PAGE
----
The U.S. megawatt-scale PV market, virtually nonexistent until 2010, has experienced solid growth since 2011. According to our recent report, Megawatt-Scale PV Plant Operations and Maintenance: Services, Markets and Competitors, 2013-2017, the total O&M addressable market is estimated to be 5.4 gigawatts by the end of 2017.
The U.S. megawatt-scale market is driven mostly by the renewable portfolio standards (RPSs) mandated by various states, as well as by federal tax benefits such as the 30 percent investment tax credit (ITC) and accelerated depreciation. The U.S. market is heavily concentrated with very large projects in a few states, predominantly California, Arizona and Nevada. However, a more distributed megawatt-scale market is emerging.
The following twelve trends and predictions for the U.S. market come straight from the recent report.
-- Many EPC companies in the U.S. are not interested in O&M and prefer to focus on their core business of building new plants, with the exception of large, vertically integrated firms (e.g., First Solar, SunEdison and SunPower); utilities and IPPs (e.g., EDF RE, NRG Energy); and local subsidiaries of European EPCs that consider O&M to be an important part of their business (Conergy, GES, juwi, etc.). This is likely due to the potential new growth opportunities within the U.S. market in the coming years.
-- There is already a market for pure-play independent O&M providers, subcontracting O&M for EPC firms (mostly during the warranty period), and signing up with owners after the end of the warranty period, or in scenarios where the original EPC firm is no longer in business or the investor is not satisfied with the service they have received. This is different from the situation both in Germany (where independent providers only appeared and grew recently in a very mature and declining PV market) and in Italy, where pure-play O&M firms are still small and their growth opportunity is strongly tied to a secondary market that doesn’t yet exist in the U.S.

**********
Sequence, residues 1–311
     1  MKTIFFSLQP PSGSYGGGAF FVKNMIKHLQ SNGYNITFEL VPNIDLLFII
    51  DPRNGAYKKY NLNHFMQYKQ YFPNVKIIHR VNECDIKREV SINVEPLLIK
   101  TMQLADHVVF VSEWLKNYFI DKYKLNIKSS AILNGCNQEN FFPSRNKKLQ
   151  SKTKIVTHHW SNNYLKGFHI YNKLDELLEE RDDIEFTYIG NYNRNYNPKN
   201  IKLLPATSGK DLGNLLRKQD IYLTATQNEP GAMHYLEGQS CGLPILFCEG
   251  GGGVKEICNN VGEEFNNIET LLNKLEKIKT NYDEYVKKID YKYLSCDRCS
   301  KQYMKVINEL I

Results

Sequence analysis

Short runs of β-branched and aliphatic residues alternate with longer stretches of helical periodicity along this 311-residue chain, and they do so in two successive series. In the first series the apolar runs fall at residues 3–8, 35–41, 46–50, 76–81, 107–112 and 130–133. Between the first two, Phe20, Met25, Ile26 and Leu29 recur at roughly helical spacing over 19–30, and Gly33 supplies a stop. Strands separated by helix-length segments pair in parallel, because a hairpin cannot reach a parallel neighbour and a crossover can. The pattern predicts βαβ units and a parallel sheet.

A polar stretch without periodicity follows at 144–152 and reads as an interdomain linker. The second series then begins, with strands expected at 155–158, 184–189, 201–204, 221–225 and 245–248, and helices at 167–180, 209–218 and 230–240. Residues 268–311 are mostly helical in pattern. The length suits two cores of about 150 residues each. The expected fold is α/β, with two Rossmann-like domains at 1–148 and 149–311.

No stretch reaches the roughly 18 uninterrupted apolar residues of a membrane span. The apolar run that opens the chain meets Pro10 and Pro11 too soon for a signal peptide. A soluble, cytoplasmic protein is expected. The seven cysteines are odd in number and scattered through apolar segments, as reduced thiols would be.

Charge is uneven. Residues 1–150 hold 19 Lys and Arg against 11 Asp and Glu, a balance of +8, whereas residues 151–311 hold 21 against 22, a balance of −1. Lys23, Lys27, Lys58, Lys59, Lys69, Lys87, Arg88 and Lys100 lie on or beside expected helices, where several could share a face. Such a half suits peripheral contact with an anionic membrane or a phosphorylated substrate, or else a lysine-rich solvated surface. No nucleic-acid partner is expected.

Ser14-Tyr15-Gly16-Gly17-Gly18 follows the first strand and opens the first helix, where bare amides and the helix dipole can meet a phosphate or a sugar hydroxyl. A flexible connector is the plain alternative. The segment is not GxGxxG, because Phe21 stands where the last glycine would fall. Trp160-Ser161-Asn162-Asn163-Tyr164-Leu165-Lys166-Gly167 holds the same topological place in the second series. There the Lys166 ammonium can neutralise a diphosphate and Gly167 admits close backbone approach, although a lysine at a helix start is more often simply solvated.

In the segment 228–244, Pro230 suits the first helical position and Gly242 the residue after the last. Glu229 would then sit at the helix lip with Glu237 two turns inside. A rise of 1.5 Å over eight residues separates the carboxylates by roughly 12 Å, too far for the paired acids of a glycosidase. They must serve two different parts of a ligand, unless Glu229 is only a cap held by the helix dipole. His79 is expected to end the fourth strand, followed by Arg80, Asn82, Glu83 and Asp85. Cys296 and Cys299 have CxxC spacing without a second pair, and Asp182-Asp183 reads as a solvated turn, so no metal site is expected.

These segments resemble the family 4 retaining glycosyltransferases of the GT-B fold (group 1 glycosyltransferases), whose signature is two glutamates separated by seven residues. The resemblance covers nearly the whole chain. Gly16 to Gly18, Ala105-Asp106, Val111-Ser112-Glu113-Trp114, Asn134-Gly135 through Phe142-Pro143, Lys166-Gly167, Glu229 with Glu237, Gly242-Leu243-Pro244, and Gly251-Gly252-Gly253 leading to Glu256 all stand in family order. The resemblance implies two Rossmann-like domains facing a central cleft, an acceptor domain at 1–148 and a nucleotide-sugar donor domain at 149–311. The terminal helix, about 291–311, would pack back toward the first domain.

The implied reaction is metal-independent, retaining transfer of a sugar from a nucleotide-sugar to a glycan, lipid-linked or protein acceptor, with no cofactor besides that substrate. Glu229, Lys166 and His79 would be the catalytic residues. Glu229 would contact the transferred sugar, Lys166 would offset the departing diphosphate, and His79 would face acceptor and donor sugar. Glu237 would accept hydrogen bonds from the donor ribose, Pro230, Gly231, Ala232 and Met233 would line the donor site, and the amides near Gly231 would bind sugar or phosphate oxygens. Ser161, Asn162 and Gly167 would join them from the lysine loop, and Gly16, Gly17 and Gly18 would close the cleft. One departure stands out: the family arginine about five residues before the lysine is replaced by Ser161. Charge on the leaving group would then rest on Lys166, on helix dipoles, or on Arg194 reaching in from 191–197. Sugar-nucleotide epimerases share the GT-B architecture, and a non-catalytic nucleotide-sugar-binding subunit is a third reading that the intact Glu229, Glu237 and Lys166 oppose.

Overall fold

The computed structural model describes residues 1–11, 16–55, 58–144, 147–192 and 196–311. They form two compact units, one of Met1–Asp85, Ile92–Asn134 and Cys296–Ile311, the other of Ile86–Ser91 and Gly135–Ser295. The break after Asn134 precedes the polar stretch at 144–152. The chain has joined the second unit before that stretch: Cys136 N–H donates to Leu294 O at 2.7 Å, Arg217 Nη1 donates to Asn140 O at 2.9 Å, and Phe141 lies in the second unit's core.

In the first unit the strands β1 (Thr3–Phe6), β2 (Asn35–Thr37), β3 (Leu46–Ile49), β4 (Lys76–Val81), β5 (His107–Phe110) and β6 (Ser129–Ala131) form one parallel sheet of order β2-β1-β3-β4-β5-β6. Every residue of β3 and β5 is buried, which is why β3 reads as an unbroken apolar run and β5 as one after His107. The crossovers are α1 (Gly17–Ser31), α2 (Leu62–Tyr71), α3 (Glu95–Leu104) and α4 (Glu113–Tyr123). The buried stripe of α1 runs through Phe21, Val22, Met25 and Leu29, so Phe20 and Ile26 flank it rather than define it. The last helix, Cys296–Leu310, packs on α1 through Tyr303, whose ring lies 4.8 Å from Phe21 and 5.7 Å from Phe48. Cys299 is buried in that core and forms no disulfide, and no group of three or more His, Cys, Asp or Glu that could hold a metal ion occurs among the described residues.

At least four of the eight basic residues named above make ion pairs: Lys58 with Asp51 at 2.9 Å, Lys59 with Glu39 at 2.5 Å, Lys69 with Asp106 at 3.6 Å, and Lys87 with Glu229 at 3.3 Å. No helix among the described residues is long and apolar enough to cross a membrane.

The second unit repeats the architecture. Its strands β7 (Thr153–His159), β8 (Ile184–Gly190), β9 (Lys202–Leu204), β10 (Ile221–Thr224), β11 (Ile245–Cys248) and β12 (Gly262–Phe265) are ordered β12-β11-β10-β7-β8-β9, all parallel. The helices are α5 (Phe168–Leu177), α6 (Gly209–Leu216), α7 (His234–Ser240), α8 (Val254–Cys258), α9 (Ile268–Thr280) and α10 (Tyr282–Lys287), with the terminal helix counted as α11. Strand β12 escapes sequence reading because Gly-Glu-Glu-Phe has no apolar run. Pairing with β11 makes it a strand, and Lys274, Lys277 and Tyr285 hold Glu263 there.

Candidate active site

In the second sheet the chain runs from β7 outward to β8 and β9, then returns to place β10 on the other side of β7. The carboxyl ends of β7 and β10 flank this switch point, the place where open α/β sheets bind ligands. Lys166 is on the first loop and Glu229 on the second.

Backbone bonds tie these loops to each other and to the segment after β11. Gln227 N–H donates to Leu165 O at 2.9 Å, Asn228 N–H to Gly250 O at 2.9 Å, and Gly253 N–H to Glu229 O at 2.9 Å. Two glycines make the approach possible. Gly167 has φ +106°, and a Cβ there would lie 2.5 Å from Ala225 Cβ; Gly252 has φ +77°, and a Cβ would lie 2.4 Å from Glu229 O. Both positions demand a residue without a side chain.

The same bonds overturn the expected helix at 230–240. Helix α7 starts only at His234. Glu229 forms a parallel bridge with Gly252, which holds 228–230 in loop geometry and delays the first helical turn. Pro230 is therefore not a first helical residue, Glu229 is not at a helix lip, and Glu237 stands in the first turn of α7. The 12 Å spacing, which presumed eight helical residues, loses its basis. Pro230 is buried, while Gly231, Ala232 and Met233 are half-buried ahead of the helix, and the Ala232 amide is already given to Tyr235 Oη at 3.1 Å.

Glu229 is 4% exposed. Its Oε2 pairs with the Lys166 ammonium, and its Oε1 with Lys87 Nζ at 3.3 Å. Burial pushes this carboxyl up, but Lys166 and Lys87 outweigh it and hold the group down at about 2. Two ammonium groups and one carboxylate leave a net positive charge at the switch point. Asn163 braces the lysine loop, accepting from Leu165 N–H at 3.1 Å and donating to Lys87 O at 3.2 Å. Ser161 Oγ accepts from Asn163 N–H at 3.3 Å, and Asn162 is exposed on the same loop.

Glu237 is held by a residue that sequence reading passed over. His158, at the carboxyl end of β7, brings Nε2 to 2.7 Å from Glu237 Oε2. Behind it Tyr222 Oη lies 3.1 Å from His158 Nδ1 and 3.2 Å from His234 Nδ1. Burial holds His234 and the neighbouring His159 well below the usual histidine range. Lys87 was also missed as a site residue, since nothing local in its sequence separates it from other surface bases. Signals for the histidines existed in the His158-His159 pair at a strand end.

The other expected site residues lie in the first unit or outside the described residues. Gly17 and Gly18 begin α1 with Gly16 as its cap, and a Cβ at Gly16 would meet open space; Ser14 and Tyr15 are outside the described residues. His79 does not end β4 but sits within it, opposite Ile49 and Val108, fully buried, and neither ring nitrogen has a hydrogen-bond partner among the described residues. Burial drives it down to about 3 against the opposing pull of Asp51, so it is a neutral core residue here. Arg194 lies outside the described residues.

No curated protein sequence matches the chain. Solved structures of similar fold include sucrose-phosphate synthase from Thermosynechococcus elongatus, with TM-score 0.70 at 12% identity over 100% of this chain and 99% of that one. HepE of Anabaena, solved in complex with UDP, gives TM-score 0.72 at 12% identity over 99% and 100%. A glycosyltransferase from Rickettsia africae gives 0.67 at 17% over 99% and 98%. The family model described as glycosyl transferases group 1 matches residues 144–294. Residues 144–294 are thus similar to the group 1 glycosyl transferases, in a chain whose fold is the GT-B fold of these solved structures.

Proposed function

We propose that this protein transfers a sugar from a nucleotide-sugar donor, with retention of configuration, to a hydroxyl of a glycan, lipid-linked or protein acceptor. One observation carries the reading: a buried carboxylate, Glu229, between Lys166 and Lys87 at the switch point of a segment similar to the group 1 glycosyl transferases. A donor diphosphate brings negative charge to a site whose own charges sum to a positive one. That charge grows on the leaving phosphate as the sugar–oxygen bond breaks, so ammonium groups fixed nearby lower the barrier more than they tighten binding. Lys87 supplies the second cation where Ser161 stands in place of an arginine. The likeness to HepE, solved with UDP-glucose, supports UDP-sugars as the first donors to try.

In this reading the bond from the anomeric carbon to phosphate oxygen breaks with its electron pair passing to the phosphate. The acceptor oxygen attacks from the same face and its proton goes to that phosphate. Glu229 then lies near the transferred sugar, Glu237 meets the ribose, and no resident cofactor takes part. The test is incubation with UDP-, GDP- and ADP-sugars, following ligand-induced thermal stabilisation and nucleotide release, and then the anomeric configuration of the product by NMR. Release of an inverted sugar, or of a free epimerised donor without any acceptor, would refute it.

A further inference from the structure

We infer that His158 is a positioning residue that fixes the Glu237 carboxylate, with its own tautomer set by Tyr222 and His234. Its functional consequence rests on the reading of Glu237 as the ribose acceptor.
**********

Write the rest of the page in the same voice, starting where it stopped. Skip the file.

-- Investors are more aware of the importance of O&M, and the discussion is switching from a pure budget allocation (“Here is the price I can afford; what services can you offer?”) to a greater focus on service needs (“Here are the O&M requirements; how much will you charge for it?”). Conversely, in the absence of clearly defined best practices in the PV O&M industry, this may lead to sub-optimal maintenance plans (whether due to a lack of or an excess of services).
-- Guarantees have become more prevalent in new O&M contracts, from response time service-level agreements to availability guarantees, and sometimes PR, yield or production guarantees. These higher levels of guarantees are mostly offered by vertically integrated firms that control a large part of the equipment supply chain (including the modules), as well as the quality of design and installation.
-- New insurance products are offered to back or supplement O&M guarantees. While investors are pushing to transfer risk to O&M vendors, O&M vendors may be able to pass this risk through to an underwriting firm. The success of this model is highly dependent on pricing models and the relative assessment of risk by PV investors and insurance professionals.